Tuesday, May 28, 2013

Asian Continental - Personal report

The 2013 Asian Continental ended on Sunday 26th May. The final results is pretty much covered by Peter here. Kevin has also mentioned he will report at his blog. Tables do not tell the full story so this is my personal account.

Arriving at the airport in Manila, I was not too surprised that there was no one to meet me. The airport is not the main airport in Manila and I figured the logistics person only went to the main Ninoy Aquino airport. I was ready for this eventuality but to my dismay I found my mobile roaming did not work. Luckily there was wireless available and I quickly got in touch with Peter using Whatsapp. It turned out that Peter was in Australia but he still called the local logistic person. A strange two to one communication process with the local guy talking to Peter by phone while I used my wireless connection. Finally Peter informed me to "look for them and show some chess moves". I pondered on that for a while. What should I do? Make like a horse and knight? (Ok, enough with the humor and get on to the chess).

First round I met the Filipino GM John P. Gomez. I allowed my bishop to be exchanged by his knight. Not a good idea against these grandmasters. Before I let, IM Mas commented to me that this is one tournament where you can lose to a grandmaster and drop down twenty boards and still meet another grandmaster. This time I thought I'll take the fight to the GM.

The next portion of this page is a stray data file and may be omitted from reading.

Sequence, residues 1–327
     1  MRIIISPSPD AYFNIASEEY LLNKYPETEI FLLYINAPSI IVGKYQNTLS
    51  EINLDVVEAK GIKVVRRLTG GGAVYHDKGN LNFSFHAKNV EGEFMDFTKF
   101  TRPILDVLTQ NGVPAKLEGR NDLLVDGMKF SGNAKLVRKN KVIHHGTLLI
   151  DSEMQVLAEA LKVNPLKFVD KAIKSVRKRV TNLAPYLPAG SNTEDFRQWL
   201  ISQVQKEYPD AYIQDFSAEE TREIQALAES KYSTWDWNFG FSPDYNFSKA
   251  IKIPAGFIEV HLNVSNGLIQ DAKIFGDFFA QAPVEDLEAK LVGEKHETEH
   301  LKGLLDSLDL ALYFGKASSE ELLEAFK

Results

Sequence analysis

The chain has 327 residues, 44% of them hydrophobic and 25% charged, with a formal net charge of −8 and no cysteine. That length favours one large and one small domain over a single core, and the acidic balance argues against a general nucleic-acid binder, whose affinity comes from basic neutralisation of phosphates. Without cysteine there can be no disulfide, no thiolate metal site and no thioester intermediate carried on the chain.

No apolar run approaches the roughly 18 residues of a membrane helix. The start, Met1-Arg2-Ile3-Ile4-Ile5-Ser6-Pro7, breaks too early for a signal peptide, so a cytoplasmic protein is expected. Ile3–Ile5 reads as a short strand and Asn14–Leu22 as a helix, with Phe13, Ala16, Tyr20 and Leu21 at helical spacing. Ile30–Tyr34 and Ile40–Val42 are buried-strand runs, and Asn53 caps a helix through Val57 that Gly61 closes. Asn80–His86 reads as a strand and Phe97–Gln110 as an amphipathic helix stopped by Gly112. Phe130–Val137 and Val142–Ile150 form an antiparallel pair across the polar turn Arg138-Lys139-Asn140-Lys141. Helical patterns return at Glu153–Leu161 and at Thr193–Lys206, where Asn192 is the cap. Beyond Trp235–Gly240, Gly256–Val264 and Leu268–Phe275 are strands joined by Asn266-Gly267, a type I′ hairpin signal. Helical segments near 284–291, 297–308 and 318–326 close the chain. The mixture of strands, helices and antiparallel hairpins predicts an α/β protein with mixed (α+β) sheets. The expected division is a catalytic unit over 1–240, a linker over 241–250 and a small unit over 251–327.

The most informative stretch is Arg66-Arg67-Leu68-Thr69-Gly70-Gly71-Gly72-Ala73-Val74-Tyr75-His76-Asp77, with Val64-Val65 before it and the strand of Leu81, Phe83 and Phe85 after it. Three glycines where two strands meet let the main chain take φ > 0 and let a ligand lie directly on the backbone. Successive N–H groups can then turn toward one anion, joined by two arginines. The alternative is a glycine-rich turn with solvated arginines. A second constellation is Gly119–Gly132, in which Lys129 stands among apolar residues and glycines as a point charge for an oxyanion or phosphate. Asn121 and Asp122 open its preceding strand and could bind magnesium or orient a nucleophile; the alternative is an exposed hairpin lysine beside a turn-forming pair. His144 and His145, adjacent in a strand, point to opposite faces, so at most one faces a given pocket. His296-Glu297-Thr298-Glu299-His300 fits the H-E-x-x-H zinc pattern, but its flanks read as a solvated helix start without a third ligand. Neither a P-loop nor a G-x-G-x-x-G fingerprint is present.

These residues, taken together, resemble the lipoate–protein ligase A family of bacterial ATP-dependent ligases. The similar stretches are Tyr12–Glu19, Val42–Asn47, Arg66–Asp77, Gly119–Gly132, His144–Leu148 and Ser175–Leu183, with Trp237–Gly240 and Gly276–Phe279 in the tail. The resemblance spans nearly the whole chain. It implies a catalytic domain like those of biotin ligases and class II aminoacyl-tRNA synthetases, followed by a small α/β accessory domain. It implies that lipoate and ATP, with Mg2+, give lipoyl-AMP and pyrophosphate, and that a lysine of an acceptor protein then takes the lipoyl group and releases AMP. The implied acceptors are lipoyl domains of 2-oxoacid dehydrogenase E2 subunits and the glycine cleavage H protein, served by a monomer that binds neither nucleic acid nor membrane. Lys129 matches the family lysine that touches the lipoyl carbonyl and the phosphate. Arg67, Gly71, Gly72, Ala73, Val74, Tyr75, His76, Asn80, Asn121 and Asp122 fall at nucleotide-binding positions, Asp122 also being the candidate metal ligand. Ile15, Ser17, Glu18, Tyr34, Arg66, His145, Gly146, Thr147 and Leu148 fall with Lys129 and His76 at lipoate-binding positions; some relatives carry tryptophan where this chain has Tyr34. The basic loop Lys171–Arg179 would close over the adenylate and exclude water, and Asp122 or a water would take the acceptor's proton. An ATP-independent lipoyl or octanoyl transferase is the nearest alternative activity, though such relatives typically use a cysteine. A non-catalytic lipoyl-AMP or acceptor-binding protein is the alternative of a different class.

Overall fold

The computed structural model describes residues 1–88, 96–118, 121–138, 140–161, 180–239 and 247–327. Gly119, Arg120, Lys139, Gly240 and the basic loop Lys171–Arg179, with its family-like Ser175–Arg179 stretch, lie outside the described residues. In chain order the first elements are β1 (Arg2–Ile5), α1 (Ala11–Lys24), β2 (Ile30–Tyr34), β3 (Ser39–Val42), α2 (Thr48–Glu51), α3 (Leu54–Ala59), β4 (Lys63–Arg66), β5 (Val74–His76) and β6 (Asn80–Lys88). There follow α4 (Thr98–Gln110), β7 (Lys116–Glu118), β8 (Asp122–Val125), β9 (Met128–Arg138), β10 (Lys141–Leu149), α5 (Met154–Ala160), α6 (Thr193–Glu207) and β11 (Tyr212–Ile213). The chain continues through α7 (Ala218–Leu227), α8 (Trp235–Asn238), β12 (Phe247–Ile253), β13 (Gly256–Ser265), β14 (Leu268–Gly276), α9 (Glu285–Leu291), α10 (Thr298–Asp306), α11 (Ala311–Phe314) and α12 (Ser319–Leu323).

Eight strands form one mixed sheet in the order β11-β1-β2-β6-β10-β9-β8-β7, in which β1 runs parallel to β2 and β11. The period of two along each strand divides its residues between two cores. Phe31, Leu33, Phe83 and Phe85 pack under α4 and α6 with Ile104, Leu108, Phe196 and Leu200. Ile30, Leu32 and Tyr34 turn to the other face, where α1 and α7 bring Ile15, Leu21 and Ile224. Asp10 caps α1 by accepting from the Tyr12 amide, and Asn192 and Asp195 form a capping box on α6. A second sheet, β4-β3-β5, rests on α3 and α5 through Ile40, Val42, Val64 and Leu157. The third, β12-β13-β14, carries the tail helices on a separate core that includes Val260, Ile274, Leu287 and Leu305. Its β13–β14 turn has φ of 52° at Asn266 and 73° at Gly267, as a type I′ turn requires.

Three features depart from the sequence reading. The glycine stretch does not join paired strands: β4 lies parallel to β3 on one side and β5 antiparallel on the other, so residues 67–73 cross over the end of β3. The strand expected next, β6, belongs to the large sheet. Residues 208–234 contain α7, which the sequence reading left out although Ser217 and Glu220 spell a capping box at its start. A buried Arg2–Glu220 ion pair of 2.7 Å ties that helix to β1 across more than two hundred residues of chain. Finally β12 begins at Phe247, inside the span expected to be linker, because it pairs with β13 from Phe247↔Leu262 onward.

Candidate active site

Round 2 , Dao Thien Hai - Jimmy Liew, White won

White could have played 23.Qb7+ Kd7 24. Ne4 bxa5 25. b6 Na6 26. Kh1 Rhf8 when black is able to hold. Instead I was surprised by  

23. Nf1

Now 23...Qe4 24. Nd2 and white can go back into the line in the notes above. I decided not to allow this and played the other queen move which turned out to be losing.  

23... Qa3

23... Qe4 24. Nd2 Qe3 25. Qb7+ Kd7 as in the note above

 24. Qb7+ Kd7 25. Nb3

This move shows that the black queen is out of play on a3. Black is lost as white will just open up lines against the exposed black king. These grandmasters are good!  

26. e3 d3 27. Rd1 Nd7 28. Rxd3 Nxe5 29. Rxd8 Rxd8 30.Qe4 f6 31. Nd4 Rxd4

A mis-calculation in time trouble.

 31... Ng5 32. Nc6+ Ke8 33. Qf5 Nxc6 34. bxc6 Qd3 35. Qxd3 Rxd3 36. Rc2 $14) 32. exd4 Ng5 33. Qe3 Qxe3 34. Nxe3 Nef3+ 35. Kg2 Ne1+ 36. Kf1 Nd3 37. Rd2 1-0 

Round 3, Jimmy Liew - Manuel Efren

White has the good knight versus black bishop. To win, white must penetrate with the queen but the squares, c6, c7 and c8 are pretty much covered 37. b5 Kh7 38. Qb4 Kg7 39. a4 ? 39. Qa3 was a simple way to penetrate 39... Kf7 40. g3 ? 40. Qf8+ Kxf8 41. Nxg6+ wins easily. Still I managed to win after a long fight.

Round 4 , Jimmy Liew - Nguyen van huy , draw

With time trouble looming on the horizon I decided to give up the two bishops to reach what I thought should be a winning bishop ending. 34.Bxd5 exd5 35. Be3 Bb8 36. b4 a6! Otherwise white plays b5 and ties the bishop to the defence of the pawn on a7 37. a4 Ke6 


I had expected to win this position in the following manner - 38. b5 axb5 39. a5 Kd7 40. a6 Kc6 41. a7 Bxa7 42. Bxa7 and the g-pawn wins for white. But with the position in front of me I realized black just keeps his king on the king-side and plays ...Kg5 to win the g-pawn. With three more moves to the time-control on 40, I played aimless moves.